The role of disordered eating cognition and body image flexibility in disordered eating behavior in college men


Akihiko Masuda, Mary L. Hill, Erin C. Tully & Sarah E. Garcia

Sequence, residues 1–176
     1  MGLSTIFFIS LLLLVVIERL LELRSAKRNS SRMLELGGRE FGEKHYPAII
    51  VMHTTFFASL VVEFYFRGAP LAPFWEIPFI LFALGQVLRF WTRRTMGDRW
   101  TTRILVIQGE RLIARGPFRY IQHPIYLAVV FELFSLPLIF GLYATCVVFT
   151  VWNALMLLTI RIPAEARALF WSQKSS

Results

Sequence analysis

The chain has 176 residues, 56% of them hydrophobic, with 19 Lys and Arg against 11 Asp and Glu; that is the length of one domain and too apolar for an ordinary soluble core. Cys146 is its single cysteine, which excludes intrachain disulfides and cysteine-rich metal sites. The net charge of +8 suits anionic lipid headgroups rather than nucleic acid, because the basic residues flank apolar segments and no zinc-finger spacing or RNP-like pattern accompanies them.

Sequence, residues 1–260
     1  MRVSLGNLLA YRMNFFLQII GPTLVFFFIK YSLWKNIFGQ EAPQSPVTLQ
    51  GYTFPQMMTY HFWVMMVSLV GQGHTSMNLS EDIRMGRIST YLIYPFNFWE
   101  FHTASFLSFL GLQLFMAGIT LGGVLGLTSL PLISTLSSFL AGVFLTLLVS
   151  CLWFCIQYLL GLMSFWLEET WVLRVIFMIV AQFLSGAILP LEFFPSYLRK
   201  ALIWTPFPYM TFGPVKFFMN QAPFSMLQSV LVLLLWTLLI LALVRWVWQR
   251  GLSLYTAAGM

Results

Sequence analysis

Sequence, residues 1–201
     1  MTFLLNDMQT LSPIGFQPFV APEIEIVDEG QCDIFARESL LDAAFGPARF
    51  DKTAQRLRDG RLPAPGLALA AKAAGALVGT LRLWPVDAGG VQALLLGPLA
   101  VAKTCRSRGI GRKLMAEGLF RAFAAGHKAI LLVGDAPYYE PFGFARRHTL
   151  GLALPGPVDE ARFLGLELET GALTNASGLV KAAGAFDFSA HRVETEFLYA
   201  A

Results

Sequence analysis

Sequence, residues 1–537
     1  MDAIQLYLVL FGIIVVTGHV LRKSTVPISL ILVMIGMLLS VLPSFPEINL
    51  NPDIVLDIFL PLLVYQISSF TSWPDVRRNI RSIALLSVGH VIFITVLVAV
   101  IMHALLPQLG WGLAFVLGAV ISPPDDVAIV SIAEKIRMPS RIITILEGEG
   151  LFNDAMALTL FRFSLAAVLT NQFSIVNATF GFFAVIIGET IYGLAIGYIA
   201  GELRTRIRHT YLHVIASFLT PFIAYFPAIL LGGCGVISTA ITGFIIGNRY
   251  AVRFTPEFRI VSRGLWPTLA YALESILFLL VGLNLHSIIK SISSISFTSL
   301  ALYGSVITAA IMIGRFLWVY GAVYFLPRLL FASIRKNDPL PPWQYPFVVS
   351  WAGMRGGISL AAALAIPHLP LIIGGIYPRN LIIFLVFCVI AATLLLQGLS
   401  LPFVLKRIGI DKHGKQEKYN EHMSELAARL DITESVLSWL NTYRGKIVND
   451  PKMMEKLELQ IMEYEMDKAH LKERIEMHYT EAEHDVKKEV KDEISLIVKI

Research has documented a recent rise in endorsement of disordered eating behavior in men. Following some cognitive behavior therapy (CBT) models of disordered eating, the present cross-sectional study investigated whether disordered eating cognition and body image flexibility are associated with disordered eating behavior and whether the effect of body mass index (BMI) on disordered eating behavior is due to the effect of BMI on lower levels of body image flexibility and higher levels of disordered eating cognitions. Participants included 237 male college students, ages 17-50 years old. Results revealed large indirect effects of BMI on disordered eating behavior through disordered eating cognition and diminished body image flexibility. These findings suggest a central role of maladaptive cognitions and regulation processes in disordered eating behavior in men, and future research should test if these cognitions and regulation processes predict onset, recurrence, and/or maintenance of the disordered eating behaviors.

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